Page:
The same dynamic is under way on corporate tax reform, where Republicans are bogged down in a fight over whether to cut tax rates by adding a new border-adjustment tax that would reward companies that export products over those that import them. Speaker Paul Ryan is pushing hard for the border adjustment approach, but faces a high-stakes lobbying war between import-heavy retailers like Wal-Mart and Nike, who oppose the idea, and manufacturing-heavy exporters like Boeing and General Electric, who want it passed.

There’s no obvious “Republican” position to settle the dispute between competing industry groups, meaning it’s up to the president to get involved. But there’s no obvious White House position either: In January, Trump sounded skeptical of the plan (“Anytime I hear border adjustment, I don’t love it”), in February he seemed to embrace it (“It could lead to a lot more jobs”). No one can be sure what March will bring.

Treasury Secretary Steve Mnuchin sounded reluctant to come down on either side in an interview with Fox Business News on Monday.

“This is something we are studying very carefully,” Mnuchin said. “There’s certain aspects that the president likes about the concept of a border adjusted tax; there are certain aspects that he’s very concerned about.”

In both cases, Republicans will need to use budget reconciliation -- a legislative procedure that requires only a bare-majority vote in the Senate -- to pass their bills. But it’s a tricky method that adds even more pressure to stay on schedule and Republicans will confront new procedural headaches if the health care debate drags on that could affect tax reform as well.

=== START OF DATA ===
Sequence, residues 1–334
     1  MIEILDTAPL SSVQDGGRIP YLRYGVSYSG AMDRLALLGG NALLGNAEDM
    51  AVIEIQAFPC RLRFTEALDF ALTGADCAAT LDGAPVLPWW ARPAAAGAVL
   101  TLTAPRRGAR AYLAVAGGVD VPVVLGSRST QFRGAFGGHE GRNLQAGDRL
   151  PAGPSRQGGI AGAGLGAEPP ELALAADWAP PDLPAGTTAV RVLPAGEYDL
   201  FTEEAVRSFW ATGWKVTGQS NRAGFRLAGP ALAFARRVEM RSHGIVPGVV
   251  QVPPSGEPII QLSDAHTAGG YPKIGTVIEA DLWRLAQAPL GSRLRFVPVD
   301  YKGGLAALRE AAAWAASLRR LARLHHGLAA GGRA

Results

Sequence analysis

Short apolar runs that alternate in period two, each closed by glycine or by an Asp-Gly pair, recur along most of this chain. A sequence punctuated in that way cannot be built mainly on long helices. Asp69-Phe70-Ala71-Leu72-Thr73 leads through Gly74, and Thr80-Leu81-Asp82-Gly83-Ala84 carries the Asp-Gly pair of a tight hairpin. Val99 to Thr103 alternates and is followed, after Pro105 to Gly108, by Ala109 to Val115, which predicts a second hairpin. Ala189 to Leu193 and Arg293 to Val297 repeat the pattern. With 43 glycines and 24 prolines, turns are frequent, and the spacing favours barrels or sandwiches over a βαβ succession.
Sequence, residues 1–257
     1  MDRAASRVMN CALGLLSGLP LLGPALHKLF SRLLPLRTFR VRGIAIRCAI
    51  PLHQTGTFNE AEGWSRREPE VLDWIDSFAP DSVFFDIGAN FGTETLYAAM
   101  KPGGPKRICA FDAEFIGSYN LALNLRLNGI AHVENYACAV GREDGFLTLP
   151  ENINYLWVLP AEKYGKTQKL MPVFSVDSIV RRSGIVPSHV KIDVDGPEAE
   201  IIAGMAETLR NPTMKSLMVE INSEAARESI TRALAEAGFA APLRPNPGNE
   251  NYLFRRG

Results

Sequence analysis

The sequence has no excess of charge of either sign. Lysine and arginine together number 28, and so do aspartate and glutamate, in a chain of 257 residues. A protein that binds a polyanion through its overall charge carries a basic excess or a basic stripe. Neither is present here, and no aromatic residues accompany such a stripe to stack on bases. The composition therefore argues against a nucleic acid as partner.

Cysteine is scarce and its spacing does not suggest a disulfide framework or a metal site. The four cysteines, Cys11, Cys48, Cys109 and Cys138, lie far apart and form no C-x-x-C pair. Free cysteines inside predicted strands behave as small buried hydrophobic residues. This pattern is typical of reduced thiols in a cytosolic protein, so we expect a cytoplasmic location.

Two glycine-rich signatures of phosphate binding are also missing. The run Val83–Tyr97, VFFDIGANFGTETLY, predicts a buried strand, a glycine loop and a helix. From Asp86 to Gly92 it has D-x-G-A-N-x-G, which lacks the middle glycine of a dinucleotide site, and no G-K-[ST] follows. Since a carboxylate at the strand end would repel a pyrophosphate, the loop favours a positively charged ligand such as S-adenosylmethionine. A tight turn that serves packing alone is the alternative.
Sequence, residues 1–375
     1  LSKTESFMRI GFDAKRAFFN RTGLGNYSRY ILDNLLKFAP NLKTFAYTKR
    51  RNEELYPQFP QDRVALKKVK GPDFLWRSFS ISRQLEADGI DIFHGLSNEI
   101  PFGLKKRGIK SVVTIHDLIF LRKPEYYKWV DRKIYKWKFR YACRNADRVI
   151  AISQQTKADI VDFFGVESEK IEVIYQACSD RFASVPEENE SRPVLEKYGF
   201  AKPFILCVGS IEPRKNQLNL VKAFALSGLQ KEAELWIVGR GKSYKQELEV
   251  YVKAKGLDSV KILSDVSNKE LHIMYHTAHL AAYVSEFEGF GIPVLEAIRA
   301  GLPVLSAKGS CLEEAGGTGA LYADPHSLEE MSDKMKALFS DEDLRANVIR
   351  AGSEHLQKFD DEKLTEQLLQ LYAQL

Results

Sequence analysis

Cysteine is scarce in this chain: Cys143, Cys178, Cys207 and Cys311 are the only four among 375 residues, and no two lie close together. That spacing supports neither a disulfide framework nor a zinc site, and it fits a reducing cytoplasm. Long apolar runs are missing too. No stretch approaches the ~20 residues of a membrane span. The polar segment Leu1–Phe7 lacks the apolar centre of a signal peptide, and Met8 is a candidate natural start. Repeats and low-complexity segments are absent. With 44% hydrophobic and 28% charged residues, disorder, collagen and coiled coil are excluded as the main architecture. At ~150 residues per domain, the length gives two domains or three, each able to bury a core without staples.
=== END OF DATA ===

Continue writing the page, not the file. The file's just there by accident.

Trump’s infrastructure plan, which adviser Stephen Bannon has said could be as large as $1 trillion, is another centerpiece of the president’s agenda but there’s even less visible movement there. Trump hinted that might change in his speech.

"I'm going to have a big statement tomorrow night on infrastructure," Trump said at a meeting with governors on Monday. "We spend $6 trillion in the Middle East and we have potholes all over our highways and our roads ... so we're going to take care of that.”

Republicans are skeptical of major federal spending projects, especially without cuts elsewhere, which means Trump will likely need to invest more political capital to keep members in line. Washington Post reporter Phil Rucker tweeted that when he asked Press Secretary Sean Spicer how the White House would pay for its plan, he received a text from a House GOP leader asking the same question.

Trump’s budget math is already running into reality. On Monday, the White House announced it would put out a budget outline that included a request for $54 billion in additional defense spending offset by unspecified cuts to discretionary spending elsewhere, which could include safety-net programs and State Department funding. So far, the White House has still not outlined the costs of its preferred infrastructure plan.

Trump’s budget prompted grumbling from fiscal conservatives, who argue there’s only limited discretionary spending available to cut and that entitlement spending needs to go down to achieve balance. Trump, however, has promised not to cut Social Security, Medicare or Medicaid. Democrats, meanwhile, argued Trump’s plan sold out his blue-collar base by reducing social spending.

White House budgets are more about messaging and it’s unlikely Trump’s will be fully enacted. But he can't put off the hard questions for much longer. And the president who promised a bigger military, a lengthy border wall, a sweeping infrastructure plan, massive tax breaks, near-universal health care, zero entitlement cuts, and a balanced budget might find the answers are less simple than he thought.